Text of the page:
Senator Marsha Blackburn (R-Tenn.) has really covered a lot of ground in the past 24 hours.
During today’s historic Supreme Court nomination hearings for Judge Ketanji Brown Jackson, the first Black woman ever nominated, Blackburn read what sounded like a culture war Mad Libs, invoking parental rights in education, the New York Times’ 1619 Project, critical race theory, transgender athletes, and child predators. The day before the hearings, she referred to Griswold v. Connecticut, a fundamental privacy case that established the right for married couples to use birth control—and one that undergirds the right to abortion and marriage equality—as “constitutionally unsound.” Nothing but the hits!
Blackburn, who has the dubious distinction of being the only Republican woman on the Senate Judiciary Committee, started her opening statement by noting that Jackson isn’t just a judge but also a mother of two daughters—her “best job,” Blackburn said. The senator then took a soft pivot to parental rights, followed by a screeching hard pivot to full transphobia. She obliquely referenced transgender NCAA swimmer Lia Thomas, saying that schools allowed a “biological male” to compete against a “biological woman” at the highest level of collegiate sports, because that is certainly the greatest issue facing America today.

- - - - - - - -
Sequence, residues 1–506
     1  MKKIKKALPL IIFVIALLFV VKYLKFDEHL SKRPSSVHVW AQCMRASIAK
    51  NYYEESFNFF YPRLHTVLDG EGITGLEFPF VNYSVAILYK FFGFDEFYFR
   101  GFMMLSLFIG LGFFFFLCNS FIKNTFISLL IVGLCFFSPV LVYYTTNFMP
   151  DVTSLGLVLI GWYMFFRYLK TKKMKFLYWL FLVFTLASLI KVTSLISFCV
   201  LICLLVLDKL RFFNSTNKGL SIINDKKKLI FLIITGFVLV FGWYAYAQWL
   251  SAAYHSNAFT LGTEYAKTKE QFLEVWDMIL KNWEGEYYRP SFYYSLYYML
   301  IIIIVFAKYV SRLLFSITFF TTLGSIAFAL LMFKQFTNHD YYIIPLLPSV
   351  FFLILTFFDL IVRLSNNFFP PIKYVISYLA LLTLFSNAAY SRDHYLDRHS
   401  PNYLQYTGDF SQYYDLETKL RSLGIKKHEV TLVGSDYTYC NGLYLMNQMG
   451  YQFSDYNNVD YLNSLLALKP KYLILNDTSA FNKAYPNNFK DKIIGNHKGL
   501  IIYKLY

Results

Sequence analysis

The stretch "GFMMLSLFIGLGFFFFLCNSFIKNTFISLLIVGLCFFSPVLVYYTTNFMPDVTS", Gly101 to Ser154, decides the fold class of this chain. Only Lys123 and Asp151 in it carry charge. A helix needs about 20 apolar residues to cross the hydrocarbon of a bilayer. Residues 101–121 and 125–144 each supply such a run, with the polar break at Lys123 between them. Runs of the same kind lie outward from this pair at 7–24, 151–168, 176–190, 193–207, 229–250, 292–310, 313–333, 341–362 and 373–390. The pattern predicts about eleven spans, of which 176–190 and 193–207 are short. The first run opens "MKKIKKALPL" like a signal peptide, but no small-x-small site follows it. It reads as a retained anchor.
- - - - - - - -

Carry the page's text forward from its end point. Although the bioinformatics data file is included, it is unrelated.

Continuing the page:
Blackburn also said “biological women” are being treated like second-class citizens, which is rich coming from someone who would consign people capable of pregnancy to be broodmares. Not 24 hours ago, she attacked the constitutionally protected right to use birth control and, in July, she signed a legal brief asking the Supreme Court to overturn Roe v. Wade.
Here’s a clip:
Blackburn then regurgitated Senator Josh Hawley’s meritless attack on Jackson’s sentencing of defendants in child pornography cases before wondering aloud if it was Jackson’s “personal hidden agenda to incorporate critical race theory into our legal system” and whether Jackson wanted “to let violent criminals, cop killers and child predators back to the streets.”
It’s almost astonishing that lawmakers like Blackburn can talk about supporting parental rights and private family decisions with a straight face, when they oppose the rights of parents to support their gender-expansive children or the rights of people to choose whether and when to become parents. But the sad fact is that their positions are not inconsistent—they believe these rights only exist for people who think exactly like they do.